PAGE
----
Before the Great Recession, General Motors Corp. was sometimes described as a pension fund that owned an automobile company, so great were the company's pension assets and liabilities relative to its net corporate assets.
The pension liabilities represented a financial risk to the company, and much of that related to its retirees. In 2012, the company bought a group annuity contract for the 118,000 retirees in its $33 billion U.S. salaried defined benefit plan. The buyout reduced the automaker's pension obligations by $26 billion. At the time, GM had $94 billion in U.S. DB assets and $107 billion in liabilities.
GM's move has been followed by many others, large and small, and it continues into 2017. As of the end of the second quarter, the value of pension-related annuity sales since 2011 was $82.4 billion, according to LIMRA.
Some, including members of Congress, have expressed concern that retirement benefits might be jeopardized by the transfer of the liabilities (and attached assets) from corporate sponsors to insurance companies.
In 2014, Sen. Ron Wyden, D-Ore., and then-Sen. Tom Harkin, D-Iowa, urged the Labor Department, Treasury Department, Pension Benefit Guaranty Corp. and Consumer Financial Protection Bureau to establish rules to protect employees and retirees in such buyouts.
Karen Friedman, executive vice president and policy director of the Pension Rights Center, asked in congressional testimony: "How secure are the annuities that are being purchased in plan terminations? What is the exposure of the insurance companies that are taking on these large group annuities?"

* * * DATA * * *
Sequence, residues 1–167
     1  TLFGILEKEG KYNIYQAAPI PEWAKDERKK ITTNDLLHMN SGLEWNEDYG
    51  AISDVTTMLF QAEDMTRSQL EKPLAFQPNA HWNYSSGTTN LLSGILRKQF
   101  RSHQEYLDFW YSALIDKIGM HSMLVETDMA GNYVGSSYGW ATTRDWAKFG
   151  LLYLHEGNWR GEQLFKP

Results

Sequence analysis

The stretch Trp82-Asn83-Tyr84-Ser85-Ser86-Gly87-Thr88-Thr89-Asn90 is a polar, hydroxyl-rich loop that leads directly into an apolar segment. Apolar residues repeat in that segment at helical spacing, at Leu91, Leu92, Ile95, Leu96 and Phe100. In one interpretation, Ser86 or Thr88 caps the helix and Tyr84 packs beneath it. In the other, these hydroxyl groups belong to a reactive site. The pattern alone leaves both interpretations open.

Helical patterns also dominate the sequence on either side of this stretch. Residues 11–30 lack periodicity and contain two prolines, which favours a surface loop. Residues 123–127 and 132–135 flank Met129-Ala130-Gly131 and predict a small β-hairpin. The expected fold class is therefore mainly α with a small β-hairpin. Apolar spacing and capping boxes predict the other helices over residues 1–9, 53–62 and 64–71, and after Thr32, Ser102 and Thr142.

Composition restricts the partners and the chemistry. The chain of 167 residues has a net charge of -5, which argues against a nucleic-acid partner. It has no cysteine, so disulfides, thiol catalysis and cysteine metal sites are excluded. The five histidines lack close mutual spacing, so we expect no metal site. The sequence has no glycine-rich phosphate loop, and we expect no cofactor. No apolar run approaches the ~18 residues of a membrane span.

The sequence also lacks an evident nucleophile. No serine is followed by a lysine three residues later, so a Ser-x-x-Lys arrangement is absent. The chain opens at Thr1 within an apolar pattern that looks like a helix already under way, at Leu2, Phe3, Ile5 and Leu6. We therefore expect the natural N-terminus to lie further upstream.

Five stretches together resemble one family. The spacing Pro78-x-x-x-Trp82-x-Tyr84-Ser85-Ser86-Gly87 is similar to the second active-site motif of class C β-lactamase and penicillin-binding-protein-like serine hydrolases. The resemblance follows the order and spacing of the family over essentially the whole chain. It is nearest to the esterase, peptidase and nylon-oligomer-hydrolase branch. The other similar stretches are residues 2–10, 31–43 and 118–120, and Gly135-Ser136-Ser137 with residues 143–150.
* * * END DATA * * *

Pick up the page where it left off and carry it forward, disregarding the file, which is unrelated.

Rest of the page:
But these transactions make sense for employers and employees. The transfer to the insurance companies places the liabilities with organizations that specialize in managing them. They have expert actuaries working full time calculating costs and risks of annuities for the insurers, and they have specialists investing the assets.
Managing assets and liabilities is a distraction for most companies, not a core area of expertise. Minimizing that distraction can improve corporate efficiency.
Also, purchasing annuities for retirees take those liabilities off the PBGC's shoulders and reduces the insurance premium the companies owe that agency.
The annuities likely will be more secure with the insurance companies than the PBGC, which does not have a guarantee of funding from the federal government and has a large unfunded liability.
The annuities are backed by premiums from the companies buying the annuities and protected by the huge asset bases of the insurance companies themselves and state guaranty agencies designed to step in if an insurer should become unable to pay its obligations. State regulators also monitor insurers and their financial health. The annuities are, in effect, triple guaranteed.
Given the low interest rates now, buyout annuities are expensive, so not every company will consider buying. If rates rise, annuities will get cheaper, corporate liabilities will shrink, and more companies might find the strategy affordable.
That could be good for employers and retirees.